"Our passionate, die-hard, slightly treasonous fans" — No kidding.  During a year when I wrote Vox explains how Russian trolls weaponized social media, Vox explains how not to get phished (like the DNC), WUSA and CNN report on likely Russian election interference and the Administration's conflicted response, and From Russia to the NRA with love, I think "The Americans" finally winning awards at the Primetime Emmys says something.

Follow over the jump for the awards "The Crown" won at the Creative Arts Emmy Awards.

Here is what I wrote about the categories  in 'Westworld,' 'Game of Thrones,' 'The Handmaid's Tale,' 'Stranger Things,' and other speculative fiction nominees at the Creative Arts Emmy Awards.
All four of the top speculative fiction drama series earned nominations for Outstanding Casting for a Drama Series.
The Crown (Netflix)
Game of Thrones (HBO)
The Handmaid's Tale (Hulu)
Stranger Things (Netflix)
Westworld (HBO)
"Stranger Things" won the trophy last year, but that was a television season without "Game of Thrones," which won this category the two years before that.  With both in contention, I would give the edge to the dragons, as much as I'd prefer "Stranger Things" or "Westworld."  With my luck, "The Handmaid's Tale" might pull off the upset.
Nope, it went to "The Crown," the one show I did not mention.  So did the next award.
Four speculative fiction series appear in the field for Outstanding Cinematography for a Single-Camera Series (One Hour) although "Game of Thrones" isn't among them.  Instead, it's the X-Men spinoff "Legion."
The Crown – Adriano Goldman (Episode: "Beryl") (Netflix)
The Handmaid's Tale - Colin Watkinson (Episode: "June") (Hulu)
Legion – Dana Gonzales (Episode: "Chapter 8") (FX)
The Marvelous Mrs. Maisel – M. David Mullen (Episode: "Pilot") (Amazon)
Ozark – Ben Kutchins (Episode: "The Toll") (Netflix)
Stranger Things – Tim Ives (Episode: "Chapter One: MADMAX") (Netflix)
Westworld – John Grillo (Episode: "The Riddle of the Sphinx") (HBO)
In a game of "one of these things is not like the others," "The Marvelous Mrs. Maisel" stands out as a comedy.  Just the same, it belongs here, as it was beautifully shot, although I'm not rooting for it.  Instead, my favorites are "Stranger Things" and "Westworld."  Unfortunately for my preferences, "The Handmaid's Tale" won this last year, so I think it has the inside track among the actual voters.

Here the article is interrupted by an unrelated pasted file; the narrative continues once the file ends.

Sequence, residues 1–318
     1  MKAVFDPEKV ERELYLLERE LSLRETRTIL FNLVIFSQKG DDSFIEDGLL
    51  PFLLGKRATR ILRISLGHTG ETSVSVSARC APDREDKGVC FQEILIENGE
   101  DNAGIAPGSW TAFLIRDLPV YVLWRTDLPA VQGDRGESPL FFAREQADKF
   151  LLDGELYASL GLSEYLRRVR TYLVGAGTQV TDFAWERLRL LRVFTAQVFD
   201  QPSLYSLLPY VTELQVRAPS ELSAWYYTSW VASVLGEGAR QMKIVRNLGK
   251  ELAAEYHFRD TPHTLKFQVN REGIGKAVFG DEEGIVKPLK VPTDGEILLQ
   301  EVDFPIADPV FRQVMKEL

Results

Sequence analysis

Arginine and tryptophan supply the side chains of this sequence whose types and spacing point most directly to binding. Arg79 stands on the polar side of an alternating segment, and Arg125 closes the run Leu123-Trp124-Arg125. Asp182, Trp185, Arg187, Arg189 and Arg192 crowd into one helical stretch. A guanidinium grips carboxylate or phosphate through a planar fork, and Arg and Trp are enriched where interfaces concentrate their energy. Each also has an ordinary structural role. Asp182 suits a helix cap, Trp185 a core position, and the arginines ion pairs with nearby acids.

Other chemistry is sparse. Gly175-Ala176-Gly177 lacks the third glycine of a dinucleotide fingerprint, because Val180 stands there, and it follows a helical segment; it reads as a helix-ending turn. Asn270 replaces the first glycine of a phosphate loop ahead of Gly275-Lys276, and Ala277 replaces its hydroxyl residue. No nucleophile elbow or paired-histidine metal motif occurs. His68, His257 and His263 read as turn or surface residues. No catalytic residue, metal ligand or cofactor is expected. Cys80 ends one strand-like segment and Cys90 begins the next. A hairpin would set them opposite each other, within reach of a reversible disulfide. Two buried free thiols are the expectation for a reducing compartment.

Surprise, "The Crown" again.  At least I wasn't surprised by "The Crown" winning the next category.
Speaking of Outstanding Period Costumes, I also mentioned them in Crime and punishment a major theme of Limited Series nominees at the Emmy Awards for National Wildlife Day for "The Alienist" and "Genius: Picasso" but did not list the nominees, one of which is "Outlander," the sole speculative fiction representative in the category.
The Alienist (Episode: "A Fruitful Partnership") (FX)
The Crown (Episode: "Dear Mrs. Kennedy") (Netflix)
Genius: Picasso (Episode: "Chapter One") (Nat Geo)
The Marvelous Mrs. Maisel (Episode: "The Disappointment Of The Dionne Quintuplets") (Amazon)
Outlander (Episode: "Freedom & Whisky") (Starz)
As much as I am rooting for "The Alienist" and "Outlander," I think the contest is between last year's winner "The Crown" and "The Marvelous Mrs. Maisel."  I really enjoyed the outfits in the comedy about comedians in 1950s New York City.
And I was right, finally.  I suspect that if I watched TV with my mom, who is an Anglophile, I might have seen enough of "The Crown" to have an idea how good it really is and not been surprised by its wins.  As it is, "The Crown" was the best series on Netflix last season with five awards overall, beating "Black Mirror: USS Callister" with four.  One last time, congratulations!

That's it for historical political dramas.  I'll return with the speculative fiction winners among drama series tomorrow.  Stay tuned.